For the first time in years, Anatoly Sergievsky starts to think about chess.




When the Gulf War ends Freddie is slumped blackout drunk against a bar on 7th Avenue. It’s the warm hand on his shoulder that wakes him up. The familiar accent.

‘I hear they are lowering the Hammer and Sickle for the last time,’ Anatoly murmurs, ‘in the Red Square.’

Freddie tries to look at him but the bar lights are too bright, he can’t make out his face.

‘So what are you doing here?’

Anatoly takes a seat beside him and flags down the barman.

‘I was looking for you, actually.’

‘Oh?’ Freddie rests his chin on his forearms, ‘France not treating you too kindly?’

Anatoly crinkles his nose. ‘Cowpat.’


He can feel Anatoly’s eyes on him. ‘Well it’s not your fault.’ A pause. ‘Florence has found her father.’


‘He had been kept in the Lubyanka for many years under an assumed name. Beaten and tortured, but still he did not talk… He and Florence are leaving for Szeged in March.’

Freddie grunts and buries his face in his hands. Anatoly is quiet for a moment. Then he drops another bomb.

‘I want to play chess again.’

Freddie swallows dryly, his heart beginning to pound. ‘I thought you were done with that.’

‘So did I, but.’ Anatoly shrugs.


‘Recent events have caused me to reconsider.’ He laughs that dark black laugh known only to the Slavs. ‘… I want you to be my second.’

He reaches for his old opponent’s drink and takes a sip.

‘What makes you think I want to be your second, Ruskie?’

‘Recent events.’ 

This time, Freddie is able to look him solidly in the eye as he’s speaking. ‘I haven’t played chess professionally in over a decade.’

‘You played very well in Calais.’

‘That was different – that was –’ He looks around the bar, which is nearly empty, and then back to Anatoly. ‘You don’t want me to be your second,’ he says, and Anatoly reaches forward and plucks his glass out of Freddie’s hand.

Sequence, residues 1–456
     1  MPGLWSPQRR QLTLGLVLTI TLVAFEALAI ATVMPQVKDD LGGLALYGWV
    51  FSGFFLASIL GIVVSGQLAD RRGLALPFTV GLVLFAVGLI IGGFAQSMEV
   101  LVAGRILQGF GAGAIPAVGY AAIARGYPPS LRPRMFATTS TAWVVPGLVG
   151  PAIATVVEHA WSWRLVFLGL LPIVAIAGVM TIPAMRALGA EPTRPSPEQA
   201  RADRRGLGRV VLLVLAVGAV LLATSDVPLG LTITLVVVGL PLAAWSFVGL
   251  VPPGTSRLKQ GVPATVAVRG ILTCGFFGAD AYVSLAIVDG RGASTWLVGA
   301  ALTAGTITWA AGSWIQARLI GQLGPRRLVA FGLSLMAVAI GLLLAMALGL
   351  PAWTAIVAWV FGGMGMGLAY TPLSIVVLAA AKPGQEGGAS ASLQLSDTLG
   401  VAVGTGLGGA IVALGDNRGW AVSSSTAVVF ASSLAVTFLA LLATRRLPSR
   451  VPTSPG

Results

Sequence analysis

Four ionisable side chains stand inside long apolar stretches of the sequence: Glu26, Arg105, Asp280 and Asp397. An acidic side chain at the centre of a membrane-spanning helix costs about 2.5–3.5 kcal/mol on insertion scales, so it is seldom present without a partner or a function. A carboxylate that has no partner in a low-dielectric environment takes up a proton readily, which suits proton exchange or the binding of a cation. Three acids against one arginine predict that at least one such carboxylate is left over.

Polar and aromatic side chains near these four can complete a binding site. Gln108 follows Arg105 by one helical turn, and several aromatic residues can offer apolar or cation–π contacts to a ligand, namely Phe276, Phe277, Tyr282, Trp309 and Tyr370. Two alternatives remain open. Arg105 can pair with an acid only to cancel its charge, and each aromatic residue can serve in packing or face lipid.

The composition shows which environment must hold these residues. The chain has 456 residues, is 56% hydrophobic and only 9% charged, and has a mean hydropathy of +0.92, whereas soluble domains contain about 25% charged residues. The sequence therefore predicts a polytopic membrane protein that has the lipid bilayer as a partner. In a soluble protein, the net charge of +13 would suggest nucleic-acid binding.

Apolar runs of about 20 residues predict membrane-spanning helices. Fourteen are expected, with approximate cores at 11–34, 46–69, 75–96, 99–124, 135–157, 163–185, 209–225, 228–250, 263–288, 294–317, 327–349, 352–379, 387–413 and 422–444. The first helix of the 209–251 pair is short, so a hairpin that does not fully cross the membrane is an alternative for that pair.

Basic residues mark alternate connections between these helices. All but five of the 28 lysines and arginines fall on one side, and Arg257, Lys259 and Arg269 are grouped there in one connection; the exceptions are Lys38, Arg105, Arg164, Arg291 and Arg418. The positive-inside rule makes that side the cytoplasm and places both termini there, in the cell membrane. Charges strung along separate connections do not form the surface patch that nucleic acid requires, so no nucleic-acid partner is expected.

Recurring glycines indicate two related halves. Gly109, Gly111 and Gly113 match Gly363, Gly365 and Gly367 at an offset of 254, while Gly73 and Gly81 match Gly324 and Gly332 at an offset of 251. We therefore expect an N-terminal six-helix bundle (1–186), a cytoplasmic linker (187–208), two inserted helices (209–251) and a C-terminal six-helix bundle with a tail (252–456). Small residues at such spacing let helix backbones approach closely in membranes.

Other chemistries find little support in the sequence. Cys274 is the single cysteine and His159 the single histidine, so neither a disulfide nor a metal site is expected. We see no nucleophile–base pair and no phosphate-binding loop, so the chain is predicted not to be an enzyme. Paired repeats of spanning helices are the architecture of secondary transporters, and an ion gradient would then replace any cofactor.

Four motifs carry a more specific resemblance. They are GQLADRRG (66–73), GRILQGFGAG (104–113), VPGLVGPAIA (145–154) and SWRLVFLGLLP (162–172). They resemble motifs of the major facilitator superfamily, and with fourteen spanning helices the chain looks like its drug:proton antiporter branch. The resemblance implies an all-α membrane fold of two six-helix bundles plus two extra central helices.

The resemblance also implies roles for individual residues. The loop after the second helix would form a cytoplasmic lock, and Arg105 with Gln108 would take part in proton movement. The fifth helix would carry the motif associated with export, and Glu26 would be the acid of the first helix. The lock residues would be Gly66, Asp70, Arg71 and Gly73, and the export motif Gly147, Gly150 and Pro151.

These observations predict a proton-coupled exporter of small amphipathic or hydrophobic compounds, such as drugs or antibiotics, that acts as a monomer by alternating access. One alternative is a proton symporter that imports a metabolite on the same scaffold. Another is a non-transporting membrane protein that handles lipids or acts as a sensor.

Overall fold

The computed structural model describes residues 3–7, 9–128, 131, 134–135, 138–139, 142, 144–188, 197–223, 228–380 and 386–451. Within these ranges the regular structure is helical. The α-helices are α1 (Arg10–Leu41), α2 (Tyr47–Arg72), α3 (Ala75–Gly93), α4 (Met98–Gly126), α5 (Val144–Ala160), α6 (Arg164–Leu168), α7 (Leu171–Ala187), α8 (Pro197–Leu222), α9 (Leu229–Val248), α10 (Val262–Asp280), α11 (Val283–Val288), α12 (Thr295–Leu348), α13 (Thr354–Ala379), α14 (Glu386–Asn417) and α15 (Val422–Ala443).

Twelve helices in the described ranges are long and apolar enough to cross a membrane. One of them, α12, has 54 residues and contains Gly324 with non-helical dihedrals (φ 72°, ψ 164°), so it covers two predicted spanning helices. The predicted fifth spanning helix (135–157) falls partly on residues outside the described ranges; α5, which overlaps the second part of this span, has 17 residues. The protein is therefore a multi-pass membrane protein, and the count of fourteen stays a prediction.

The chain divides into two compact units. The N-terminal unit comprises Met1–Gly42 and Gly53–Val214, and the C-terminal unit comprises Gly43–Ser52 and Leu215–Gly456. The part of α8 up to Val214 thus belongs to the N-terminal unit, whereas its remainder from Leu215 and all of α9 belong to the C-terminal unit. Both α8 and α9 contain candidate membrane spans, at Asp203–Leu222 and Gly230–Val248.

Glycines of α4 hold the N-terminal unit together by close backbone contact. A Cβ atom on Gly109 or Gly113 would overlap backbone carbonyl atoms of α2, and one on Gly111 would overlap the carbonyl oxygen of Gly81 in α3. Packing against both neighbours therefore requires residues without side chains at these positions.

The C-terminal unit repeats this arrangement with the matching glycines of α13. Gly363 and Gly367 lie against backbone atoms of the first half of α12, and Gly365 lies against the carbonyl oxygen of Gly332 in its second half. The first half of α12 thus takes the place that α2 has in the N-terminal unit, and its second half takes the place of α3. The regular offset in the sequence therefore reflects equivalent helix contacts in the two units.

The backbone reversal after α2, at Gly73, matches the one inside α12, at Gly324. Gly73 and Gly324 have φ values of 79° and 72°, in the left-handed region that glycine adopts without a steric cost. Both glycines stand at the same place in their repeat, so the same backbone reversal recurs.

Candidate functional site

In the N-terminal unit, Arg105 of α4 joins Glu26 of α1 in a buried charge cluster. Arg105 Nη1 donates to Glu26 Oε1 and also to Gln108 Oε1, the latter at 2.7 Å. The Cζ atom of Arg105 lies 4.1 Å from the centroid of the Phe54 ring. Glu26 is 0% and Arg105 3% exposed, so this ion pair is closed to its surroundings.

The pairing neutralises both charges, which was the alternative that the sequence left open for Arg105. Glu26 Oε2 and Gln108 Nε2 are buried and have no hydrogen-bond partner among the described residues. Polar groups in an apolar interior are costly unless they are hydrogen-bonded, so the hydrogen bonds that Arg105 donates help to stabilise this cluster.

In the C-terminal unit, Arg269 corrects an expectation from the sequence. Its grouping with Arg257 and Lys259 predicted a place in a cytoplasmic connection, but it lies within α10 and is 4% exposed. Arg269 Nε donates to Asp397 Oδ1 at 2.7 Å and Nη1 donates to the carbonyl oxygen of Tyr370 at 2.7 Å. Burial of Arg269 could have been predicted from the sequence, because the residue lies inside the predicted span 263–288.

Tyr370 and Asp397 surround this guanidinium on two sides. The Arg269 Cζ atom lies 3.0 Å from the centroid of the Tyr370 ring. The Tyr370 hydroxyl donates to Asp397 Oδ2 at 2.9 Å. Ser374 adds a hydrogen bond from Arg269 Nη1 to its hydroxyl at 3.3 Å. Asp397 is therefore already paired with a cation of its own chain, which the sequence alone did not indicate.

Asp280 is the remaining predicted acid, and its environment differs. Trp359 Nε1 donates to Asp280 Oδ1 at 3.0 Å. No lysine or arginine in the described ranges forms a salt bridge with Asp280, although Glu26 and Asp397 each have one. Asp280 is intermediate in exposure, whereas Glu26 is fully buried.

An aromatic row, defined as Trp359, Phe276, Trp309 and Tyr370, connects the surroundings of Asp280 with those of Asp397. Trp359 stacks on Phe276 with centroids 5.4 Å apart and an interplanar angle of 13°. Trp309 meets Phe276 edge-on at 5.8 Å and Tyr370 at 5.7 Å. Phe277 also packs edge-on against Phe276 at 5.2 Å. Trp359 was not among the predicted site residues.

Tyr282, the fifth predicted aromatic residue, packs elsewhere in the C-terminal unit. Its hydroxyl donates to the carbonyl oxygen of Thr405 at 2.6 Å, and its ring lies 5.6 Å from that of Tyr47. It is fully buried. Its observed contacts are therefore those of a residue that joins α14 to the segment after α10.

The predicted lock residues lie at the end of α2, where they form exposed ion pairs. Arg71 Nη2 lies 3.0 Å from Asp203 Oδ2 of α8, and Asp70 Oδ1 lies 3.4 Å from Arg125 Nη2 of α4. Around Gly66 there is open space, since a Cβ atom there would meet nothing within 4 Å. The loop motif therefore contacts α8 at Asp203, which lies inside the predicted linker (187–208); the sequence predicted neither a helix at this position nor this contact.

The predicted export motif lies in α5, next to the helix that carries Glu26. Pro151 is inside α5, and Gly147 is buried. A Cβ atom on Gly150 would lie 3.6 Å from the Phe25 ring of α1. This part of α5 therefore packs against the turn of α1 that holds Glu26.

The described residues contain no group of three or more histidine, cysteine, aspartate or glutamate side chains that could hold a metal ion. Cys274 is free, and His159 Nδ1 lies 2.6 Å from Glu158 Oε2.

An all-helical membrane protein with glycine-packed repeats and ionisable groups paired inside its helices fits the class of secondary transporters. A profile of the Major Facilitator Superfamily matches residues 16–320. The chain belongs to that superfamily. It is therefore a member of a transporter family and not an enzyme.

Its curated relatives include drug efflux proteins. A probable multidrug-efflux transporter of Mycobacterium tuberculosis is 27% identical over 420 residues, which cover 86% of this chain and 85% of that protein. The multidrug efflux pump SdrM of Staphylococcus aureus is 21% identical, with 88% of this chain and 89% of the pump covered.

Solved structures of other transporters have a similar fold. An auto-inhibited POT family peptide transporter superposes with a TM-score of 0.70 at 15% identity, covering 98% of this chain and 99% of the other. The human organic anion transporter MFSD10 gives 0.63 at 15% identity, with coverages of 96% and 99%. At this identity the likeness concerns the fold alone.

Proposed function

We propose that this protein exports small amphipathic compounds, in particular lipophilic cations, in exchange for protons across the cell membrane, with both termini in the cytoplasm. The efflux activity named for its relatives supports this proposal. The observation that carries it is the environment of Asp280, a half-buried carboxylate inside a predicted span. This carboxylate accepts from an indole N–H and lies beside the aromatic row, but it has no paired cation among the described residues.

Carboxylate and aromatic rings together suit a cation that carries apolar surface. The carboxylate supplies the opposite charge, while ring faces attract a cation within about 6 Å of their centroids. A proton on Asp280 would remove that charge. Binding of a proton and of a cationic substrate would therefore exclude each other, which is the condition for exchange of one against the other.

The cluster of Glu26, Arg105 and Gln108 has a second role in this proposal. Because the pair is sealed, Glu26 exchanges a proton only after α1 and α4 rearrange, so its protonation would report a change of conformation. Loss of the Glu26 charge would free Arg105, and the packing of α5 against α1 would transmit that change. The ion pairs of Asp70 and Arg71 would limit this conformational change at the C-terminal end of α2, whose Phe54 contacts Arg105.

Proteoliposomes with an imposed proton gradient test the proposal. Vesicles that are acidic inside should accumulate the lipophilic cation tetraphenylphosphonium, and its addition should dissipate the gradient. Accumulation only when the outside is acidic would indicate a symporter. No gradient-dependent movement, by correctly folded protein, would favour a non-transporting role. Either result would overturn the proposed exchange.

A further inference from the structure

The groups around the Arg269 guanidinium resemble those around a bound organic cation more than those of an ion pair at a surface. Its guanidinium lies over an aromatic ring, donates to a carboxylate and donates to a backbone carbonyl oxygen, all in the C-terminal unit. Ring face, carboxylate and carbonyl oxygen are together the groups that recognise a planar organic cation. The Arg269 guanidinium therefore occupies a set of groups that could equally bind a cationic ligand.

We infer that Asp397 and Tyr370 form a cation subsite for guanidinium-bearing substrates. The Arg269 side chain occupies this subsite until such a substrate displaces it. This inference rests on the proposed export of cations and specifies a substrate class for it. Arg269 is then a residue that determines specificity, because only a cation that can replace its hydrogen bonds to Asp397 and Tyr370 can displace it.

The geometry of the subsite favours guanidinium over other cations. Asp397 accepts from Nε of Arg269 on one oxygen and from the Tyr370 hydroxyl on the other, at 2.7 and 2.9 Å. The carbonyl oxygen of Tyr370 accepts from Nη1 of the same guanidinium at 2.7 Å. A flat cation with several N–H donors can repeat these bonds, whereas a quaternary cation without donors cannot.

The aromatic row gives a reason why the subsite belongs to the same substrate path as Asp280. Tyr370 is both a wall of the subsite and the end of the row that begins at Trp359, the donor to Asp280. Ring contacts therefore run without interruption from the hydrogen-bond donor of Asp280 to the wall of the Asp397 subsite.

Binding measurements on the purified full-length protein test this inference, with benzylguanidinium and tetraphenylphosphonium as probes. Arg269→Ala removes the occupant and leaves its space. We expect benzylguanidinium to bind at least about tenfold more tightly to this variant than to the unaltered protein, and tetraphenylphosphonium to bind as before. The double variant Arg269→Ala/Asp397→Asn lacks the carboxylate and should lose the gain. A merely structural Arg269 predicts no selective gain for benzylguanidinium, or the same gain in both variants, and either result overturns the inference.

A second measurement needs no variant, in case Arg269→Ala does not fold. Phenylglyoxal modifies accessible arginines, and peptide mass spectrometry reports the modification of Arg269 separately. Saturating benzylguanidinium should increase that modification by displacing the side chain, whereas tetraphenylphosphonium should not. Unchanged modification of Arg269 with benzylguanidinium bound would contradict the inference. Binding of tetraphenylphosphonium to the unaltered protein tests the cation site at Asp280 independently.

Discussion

‘I know what I want.’

Freddie feels sweat begin to prickle across his forehead, at the back of his neck. Time hasn’t been kind to either of them, he knows that, but the Russian man is still darkly, exotically gorgeous – grey hairs or no. And for the first time since freshman year, Freddie thinks he might be comfortable with that.

Anatoly slides him a sheet of paper.

‘When I told them I was interested they were more than eager to have me.’

‘Where is it?’ He’s so drunk he can barely read.

‘Leningrad. Well,’ he frowns, ‘They’re calling it something different now.’

‘Your home.’

‘Yes,’ Anatoly smiles, ‘My home.’

The bar is quiet and dark, but outside there will always be more quiet, and more dark. For now, they are safe.




They are in the airport when they get the news. "All Soviet institutions are to cease operations as of this moment." Anatoly had been expecting to feel saddened by this but finds that he is not. Russia stopped being the country he knew a long, long time ago but now – now – he feels as if it is finally coming back to him.

Freddie is fiddling with his little magnetic chess set and almost misses the announcement. Almost. He turns to his old opponent.

‘I suppose you’ll want to go out and celebrate.’

Anatoly shakes his head and before he knows what he’s doing he’s kissing the American. He probably shouldn’t be – the airport is crowded and the press are no doubt waiting outside the arrivals hall – but Freddie has been with him for so long and for the first time in his life he doesn’t feel tired, he feels ready.

‘Fucking hell,’ Freddie croaks, and Anatoly buries his face in his shoulder.

‘Take me home, Freddie,’ he whispers, ‘Take me home.’